Thursday, March 8, 2012

High Dynamic Range (HDR): Part II - The Inner Sanctum of Photomatix Pro

In Part I of this series, we looked at a brief history, discussed basic equipment needed, and provided a brief overview of software options for HDR processing.  In Part II of this series, we'll look within the inner sanctum of Photomatix Pro , our HDR processing software of choice.  Stay tuned for Part III were we will walk through the workflow of the shot that is used as our blog banner this month - 'Photo Finish - HDR'.

So, let's get started on our journey together through the world of Photomatix Pro and HDR photography...

High Dynamic Range HDR Photomatix Pro by Dakota Visions Photography LLC

The first step to getting started in Photomatix Pro is to set up your general preferences found under the 'View- Preferences' drop downs.  The General tab contains the two most important preferences which should be checked, "At start-up: Show Workflow Shortcuts" & "Start Tone Mapping with Settings of Previous Session".  The Workflow Shortcuts make loading bracketed photographs so much easier (if you don't use the Lightroom or Photoshop plug-ins) while the Start Tone Mapping with Settings of Previous Sessions holds your tone mapping settings from the previous HDR photograph.  When doing panos this is an invaluable setting so that all photographs are processed using the same tone mapping settings.

High Dynamic Range HDR Photomatix Pro by Dakota Visions Photography LLC

Tone Mapping Settings: 
Strength - The higher the setting, the more of an exaggerated HDR effect you get.  The lower the setting, the more natural looking image you receive.  We normally start out at about the 80-85 range.
Color Saturation - Remember when you would see your mother's recipe and it said - 'salt to taste'?  In most cases, this is one you can adjust to taste.  The higher the setting - the more color saturation in your final product.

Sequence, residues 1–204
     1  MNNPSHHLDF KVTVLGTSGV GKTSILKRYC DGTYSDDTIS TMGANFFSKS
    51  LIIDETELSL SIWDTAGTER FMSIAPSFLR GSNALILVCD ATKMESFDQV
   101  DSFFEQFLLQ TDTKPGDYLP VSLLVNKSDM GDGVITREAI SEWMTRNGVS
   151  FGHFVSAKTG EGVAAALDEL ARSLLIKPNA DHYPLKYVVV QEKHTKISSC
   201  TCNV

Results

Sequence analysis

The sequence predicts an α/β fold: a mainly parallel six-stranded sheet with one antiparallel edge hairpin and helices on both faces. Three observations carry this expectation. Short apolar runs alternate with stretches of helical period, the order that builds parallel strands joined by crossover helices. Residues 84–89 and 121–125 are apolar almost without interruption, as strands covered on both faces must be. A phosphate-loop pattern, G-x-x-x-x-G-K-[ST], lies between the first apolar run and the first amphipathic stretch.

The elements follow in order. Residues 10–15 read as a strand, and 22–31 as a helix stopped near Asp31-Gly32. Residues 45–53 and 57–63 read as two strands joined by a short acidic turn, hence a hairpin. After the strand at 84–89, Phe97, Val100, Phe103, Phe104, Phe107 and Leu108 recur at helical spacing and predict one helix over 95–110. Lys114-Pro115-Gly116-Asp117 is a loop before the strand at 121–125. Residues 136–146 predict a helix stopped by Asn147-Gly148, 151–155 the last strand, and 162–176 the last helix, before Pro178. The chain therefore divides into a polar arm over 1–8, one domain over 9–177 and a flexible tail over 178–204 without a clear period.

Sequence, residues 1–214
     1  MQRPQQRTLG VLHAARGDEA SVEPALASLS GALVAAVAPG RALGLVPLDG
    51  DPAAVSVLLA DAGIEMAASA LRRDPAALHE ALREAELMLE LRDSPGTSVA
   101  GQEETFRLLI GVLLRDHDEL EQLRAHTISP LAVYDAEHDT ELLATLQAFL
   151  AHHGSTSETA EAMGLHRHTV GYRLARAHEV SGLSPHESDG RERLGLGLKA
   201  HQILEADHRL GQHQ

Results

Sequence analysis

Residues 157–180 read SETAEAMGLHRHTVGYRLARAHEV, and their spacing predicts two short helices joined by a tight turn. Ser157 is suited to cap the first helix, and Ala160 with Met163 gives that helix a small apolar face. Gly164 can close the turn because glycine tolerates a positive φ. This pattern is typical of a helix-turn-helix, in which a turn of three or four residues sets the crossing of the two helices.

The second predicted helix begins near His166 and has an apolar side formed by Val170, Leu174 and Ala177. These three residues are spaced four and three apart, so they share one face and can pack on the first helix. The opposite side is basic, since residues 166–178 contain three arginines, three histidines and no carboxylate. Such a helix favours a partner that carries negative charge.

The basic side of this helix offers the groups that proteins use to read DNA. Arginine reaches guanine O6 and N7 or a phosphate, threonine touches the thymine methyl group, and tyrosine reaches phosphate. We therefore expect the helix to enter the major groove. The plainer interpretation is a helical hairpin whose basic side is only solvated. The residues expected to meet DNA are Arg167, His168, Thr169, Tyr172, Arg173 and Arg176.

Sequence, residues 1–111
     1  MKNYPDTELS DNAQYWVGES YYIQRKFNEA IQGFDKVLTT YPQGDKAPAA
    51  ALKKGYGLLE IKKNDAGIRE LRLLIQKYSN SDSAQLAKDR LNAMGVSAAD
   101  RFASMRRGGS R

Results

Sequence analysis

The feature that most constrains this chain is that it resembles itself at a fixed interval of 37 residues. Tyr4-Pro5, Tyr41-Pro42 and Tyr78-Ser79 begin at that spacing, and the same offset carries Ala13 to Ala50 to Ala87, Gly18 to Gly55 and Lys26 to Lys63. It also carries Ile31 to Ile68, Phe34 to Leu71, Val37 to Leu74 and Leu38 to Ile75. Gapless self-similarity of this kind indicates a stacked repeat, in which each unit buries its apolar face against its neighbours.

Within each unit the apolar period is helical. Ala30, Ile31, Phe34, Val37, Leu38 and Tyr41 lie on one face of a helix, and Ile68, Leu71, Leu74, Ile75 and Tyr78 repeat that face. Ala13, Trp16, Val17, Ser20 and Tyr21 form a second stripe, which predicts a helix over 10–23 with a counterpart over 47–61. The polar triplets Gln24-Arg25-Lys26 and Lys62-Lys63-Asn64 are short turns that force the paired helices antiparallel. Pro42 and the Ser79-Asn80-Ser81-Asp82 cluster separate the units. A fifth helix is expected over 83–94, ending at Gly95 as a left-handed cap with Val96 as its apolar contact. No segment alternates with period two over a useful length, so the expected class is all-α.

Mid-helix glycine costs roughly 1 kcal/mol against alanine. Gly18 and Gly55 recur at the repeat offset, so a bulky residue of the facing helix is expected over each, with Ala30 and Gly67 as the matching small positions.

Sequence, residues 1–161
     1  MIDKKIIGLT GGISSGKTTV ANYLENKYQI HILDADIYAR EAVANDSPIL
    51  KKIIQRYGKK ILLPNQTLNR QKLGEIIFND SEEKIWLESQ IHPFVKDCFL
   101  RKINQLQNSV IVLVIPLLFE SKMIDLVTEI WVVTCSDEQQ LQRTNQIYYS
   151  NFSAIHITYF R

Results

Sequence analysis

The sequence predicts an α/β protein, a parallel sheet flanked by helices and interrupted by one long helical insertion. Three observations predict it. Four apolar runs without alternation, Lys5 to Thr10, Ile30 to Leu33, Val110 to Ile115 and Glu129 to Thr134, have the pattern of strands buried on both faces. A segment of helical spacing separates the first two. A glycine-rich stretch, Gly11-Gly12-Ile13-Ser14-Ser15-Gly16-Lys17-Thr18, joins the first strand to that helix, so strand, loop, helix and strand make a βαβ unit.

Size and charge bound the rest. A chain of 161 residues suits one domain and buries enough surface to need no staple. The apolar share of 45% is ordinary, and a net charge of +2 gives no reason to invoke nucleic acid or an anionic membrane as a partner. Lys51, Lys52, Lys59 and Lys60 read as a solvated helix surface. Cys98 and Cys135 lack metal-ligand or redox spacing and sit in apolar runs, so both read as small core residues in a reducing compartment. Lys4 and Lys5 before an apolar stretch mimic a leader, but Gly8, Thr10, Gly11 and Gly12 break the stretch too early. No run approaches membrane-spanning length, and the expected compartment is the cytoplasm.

Luminosity - Settings over zero increase the overall brightness of the HDR image.  Gamma or smoothing can be used to counteract the luminosity setting.
Detail Contrast - Moving the slider to the right from 0.0 increases the contrast of details and gives a sharper look to the image.  This also causes a darkening effect to the image.
Lighting Adjustments - The slider tool allows control of the overall 'look' of the lighting in the image.  Moving the control slider to the right can make the image look more natural.  In choosing a preset, like 'Painterly' will give a highlight effect of 'Medium' which increases the HDR-look.
Smooth Highlights - This control reduces contrast enhancements in the highlights.  This should be set to at least 25-50 to help preserve uniform blue skies and reduce halos around objects placed against brightly colored backgrounds.
White and Black Points - We normally reset these to the first mark for both White & Black to have a small amount of pure white and pure black in the image.  From there, to increase contrast, rather than using the microcontrast or detail contrast buttons which introduce some graininess, we increase these points equally.  We also choose to perform a lot of our contrast work during postprocessing.
Gamma - This is a global brightness setting.  Usually, one stays within the .85 - 1.15 settings.
Temperature -  Here a higher setting is warmer and lower setting is cooler.
Micro-smoothing - Smooths the enhancement of small details and has the overall effect of reducing noise in the sky for instance, and gives a more natural look to the resulting image.
Saturation Highlights/Saturation Shadows - If the color is a bit over exaggerated, you can tone it down with one of these sliders.